The book was originally published without an epilogue, which completely changes the story. The epilogue as it stands in all editions today reveals that not quite everybody dies; Ishmael floated away on a coffin-turned-life-raft and got picked up by another ship. So, without that bit, the whole thing seems to have been narrated by a perish sailor. The narrators back in the day got all mad at Melville for “breaking” the rules of fiction and narration. Wouldn’t they all absolutely shit if they could see them mess we’ve made of them today?
Initially, I really liked Melville’s style of writing, his rhythm, but I quickly learned that you can’t get too comfortable. He experimented with style and rhythm throughout, sometimes sounding like Shakespeare, sometimes sounding like a biology textbook, sometimes just making shit up on the fly. He did a lot of whacky things with narration and perspective. He writes for pages about an oil painting. He uses words like “abstreperously”. He shares some amazing pearls of wisdom, like “ignorance is the parent of fear”, and “better sleep with a sober cannibal than a drunk Christian”. But the best moment, no question, was his actual unironic use of the world “whelmed”, which excited me (a dyed-in-the-wool child of the ’90s) no end.
I liked that there was no one over-arching ThemeTM constantly smacking you over head (a la The Scarlet Letter – Melville was miles ahead of his buddy Nathaniel Hawthorne, in my opinion). Reading Moby Dick is more like panning for gold, sifting out slivers of wisdom and brilliance and insight. There are some chunks of “search for truth”, and “perception is deception”, but on the whole there’s a lot going on and you can take from it what you will.
One minor 21st century critique (I can’t help myself, I’m sorry): there were precisely two female characters. Both of them appeared in the first 120 pages, and from there, nada. Only one of them had any actual dialogue. Once the ship sailed, it sailed on any hope of gender balance. I had unconsciously half-expected the white whale itself to be female (thinking that’d be a nice little piece of gender commentary maybe, a ship full of men chasing after a mythical female beast), but we were denied that also. So, don’t bother with Moby Dick if that bothers you.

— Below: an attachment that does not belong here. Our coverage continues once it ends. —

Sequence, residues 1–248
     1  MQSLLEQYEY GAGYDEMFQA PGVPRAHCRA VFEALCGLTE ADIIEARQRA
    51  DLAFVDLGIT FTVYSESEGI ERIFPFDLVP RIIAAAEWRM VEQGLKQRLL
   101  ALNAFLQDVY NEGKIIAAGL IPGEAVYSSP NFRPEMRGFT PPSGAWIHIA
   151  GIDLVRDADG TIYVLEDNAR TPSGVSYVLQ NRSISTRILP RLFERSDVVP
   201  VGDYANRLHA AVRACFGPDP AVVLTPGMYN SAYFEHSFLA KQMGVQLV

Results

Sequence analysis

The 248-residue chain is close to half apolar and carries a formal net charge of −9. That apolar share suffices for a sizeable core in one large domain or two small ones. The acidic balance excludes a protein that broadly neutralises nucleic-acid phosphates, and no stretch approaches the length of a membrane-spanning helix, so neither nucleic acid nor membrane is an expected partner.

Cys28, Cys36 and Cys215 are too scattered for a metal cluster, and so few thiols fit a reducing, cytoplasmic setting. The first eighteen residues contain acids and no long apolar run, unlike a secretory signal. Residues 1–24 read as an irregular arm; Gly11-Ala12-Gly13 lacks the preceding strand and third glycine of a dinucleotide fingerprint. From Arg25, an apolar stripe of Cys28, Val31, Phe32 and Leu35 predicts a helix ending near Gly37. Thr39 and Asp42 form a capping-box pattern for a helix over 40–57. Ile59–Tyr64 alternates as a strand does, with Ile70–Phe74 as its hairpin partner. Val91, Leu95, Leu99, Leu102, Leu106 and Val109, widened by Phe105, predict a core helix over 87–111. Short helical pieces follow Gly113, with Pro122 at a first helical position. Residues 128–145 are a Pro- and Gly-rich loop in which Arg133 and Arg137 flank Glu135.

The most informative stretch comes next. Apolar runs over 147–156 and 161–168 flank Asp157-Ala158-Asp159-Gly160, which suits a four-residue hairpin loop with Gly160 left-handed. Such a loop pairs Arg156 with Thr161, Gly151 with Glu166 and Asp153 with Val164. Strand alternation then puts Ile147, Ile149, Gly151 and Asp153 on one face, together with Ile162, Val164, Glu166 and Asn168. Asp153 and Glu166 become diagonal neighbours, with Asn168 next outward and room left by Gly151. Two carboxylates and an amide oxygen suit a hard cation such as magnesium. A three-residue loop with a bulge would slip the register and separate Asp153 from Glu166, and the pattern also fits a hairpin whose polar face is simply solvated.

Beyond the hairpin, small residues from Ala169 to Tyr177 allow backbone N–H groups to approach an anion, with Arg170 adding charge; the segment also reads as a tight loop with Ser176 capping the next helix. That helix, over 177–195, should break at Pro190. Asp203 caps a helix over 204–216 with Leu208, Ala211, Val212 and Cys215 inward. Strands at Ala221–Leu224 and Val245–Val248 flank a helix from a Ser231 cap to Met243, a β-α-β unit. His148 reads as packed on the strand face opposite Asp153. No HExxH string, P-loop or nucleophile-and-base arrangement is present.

Sexist narratives and tangential writing aside, I was very pleasantly surprised. I’d expected Moby Dick to be heavy and impenetrable and sure, it’s wordy, but it’s engaging and funny and brilliant. I enjoyed it. I can’t put my finger on exactly why I enjoyed it, other than it was just fun. I stop short of putting Moby Dick on our Recommended list, because I’m not sure you can enjoy it without patience and a sense of humour. If you’ve got those, and you want to learn a fucktonne about whales, dive on in because Moby Dick is perfect for you.
My favourite Amazon reviews of Moby Dick:
- “I enjoyed it, but it has hundreds of pages describing the whaling experience.” – John McDaniel
- “It may be a classic, but it’s a boring classic.” – Cindy M. Downs
- “The book is fantastic, but the page numbering is not correct.” – Brodi
- “I was told this was about fishing. It’s not. Because a whale is a mammal.” – Joe Octane
- “I SURE HOPE YOU ENJOY LEARNING ABOUT WHALES!!!! Listen I read this book hoping to get a pretty good story hoping to see some of the solidarity in man by reading about his voyages in water hoping to relate to some of the struggles from being solely focused on obtaining a certain goal etc. But honestly good Lord! I swear 85% of this book is various lessons on whaling the origin of whales, whale distinction, whale body parts, whale sperm, different color whales. Oh my goodness the book starts off quick with the appearance of Queepeg you think ok we might have something here but NO! this book drags on and on and on. Gets off topic ALL of the time. The majority of this book is about how Ismael feels and about whale parts. And when Moby Dick does show up AT THE END OF THE BOOK Captain Ahab vs Moby Dick was as big a mis-match since the Super Bowl between Denver and Seattle. IT was anticlimactic some people might get this book but please don’t put me down as one. SAVE YOURSELF THE TIME AND ENERGY READ THE OLD MAN AND THE SEA A MUCH BETTER BOOK” – Pen Name